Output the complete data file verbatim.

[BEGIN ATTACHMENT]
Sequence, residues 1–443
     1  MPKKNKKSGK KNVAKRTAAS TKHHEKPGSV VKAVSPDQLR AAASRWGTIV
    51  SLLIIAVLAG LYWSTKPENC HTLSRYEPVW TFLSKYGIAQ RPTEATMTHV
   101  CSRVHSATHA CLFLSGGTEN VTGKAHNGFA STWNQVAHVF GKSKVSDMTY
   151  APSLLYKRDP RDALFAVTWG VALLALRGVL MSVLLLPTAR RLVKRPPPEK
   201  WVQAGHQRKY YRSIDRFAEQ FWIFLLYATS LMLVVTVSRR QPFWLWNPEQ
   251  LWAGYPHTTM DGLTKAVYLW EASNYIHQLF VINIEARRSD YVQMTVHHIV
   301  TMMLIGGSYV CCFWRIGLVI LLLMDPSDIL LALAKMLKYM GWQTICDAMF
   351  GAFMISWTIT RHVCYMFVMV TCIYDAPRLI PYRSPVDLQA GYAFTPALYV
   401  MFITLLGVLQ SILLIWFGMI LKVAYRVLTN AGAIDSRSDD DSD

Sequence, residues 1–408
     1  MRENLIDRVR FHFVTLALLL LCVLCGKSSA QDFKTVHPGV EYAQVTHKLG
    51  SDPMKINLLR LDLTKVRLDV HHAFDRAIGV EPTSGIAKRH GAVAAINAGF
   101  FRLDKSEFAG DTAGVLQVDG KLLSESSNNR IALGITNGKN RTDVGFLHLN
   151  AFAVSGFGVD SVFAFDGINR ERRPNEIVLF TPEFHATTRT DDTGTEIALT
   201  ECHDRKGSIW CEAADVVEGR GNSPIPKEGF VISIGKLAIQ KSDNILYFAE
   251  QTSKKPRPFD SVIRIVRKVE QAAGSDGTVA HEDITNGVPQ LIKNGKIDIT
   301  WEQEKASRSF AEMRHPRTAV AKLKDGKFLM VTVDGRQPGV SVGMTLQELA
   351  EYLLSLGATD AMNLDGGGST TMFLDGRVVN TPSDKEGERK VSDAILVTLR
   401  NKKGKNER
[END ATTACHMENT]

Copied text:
Sequence, residues 1–443
     1  MPKKNKKSGK KNVAKRTAAS TKHHEKPGSV VKAVSPDQLR AAASRWGTIV
    51  SLLIIAVLAG LYWSTKPENC HTLSRYEPVW TFLSKYGIAQ RPTEATMTHV
   101  CSRVHSATHA CLFLSGGTEN VTGKAHNGFA STWNQVAHVF GKSKVSDMTY
   151  APSLLYKRDP RDALFAVTWG VALLALRGVL MSVLLLPTAR RLVKRPPPEK
   201  WVQAGHQRKY YRSIDRFAEQ FWIFLLYATS LMLVVTVSRR QPFWLWNPEQ
   251  LWAGYPHTTM DGLTKAVYLW EASNYIHQLF VINIEARRSD YVQMTVHHIV
   301  TMMLIGGSYV CCFWRIGLVI LLLMDPSDIL LALAKMLKYM GWQTICDAMF
   351  GAFMISWTIT RHVCYMFVMV TCIYDAPRLI PYRSPVDLQA GYAFTPALYV
   401  MFITLLGVLQ SILLIWFGMI LKVAYRVLTN AGAIDSRSDD DSD

Sequence, residues 1–408
     1  MRENLIDRVR FHFVTLALLL LCVLCGKSSA QDFKTVHPGV EYAQVTHKLG
    51  SDPMKINLLR LDLTKVRLDV HHAFDRAIGV EPTSGIAKRH GAVAAINAGF
   101  FRLDKSEFAG DTAGVLQVDG KLLSESSNNR IALGITNGKN RTDVGFLHLN
   151  AFAVSGFGVD SVFAFDGINR ERRPNEIVLF TPEFHATTRT DDTGTEIALT
   201  ECHDRKGSIW CEAADVVEGR GNSPIPKEGF VISIGKLAIQ KSDNILYFAE
   251  QTSKKPRPFD SVIRIVRKVE QAAGSDGTVA HEDITNGVPQ LIKNGKIDIT
   301  WEQEKASRSF AEMRHPRTAV AKLKDGKFLM VTVDGRQPGV SVGMTLQELA
   351  EYLLSLGATD AMNLDGGGST TMFLDGRVVN TPSDKEGERK VSDAILVTLR
   401  NKKGKNER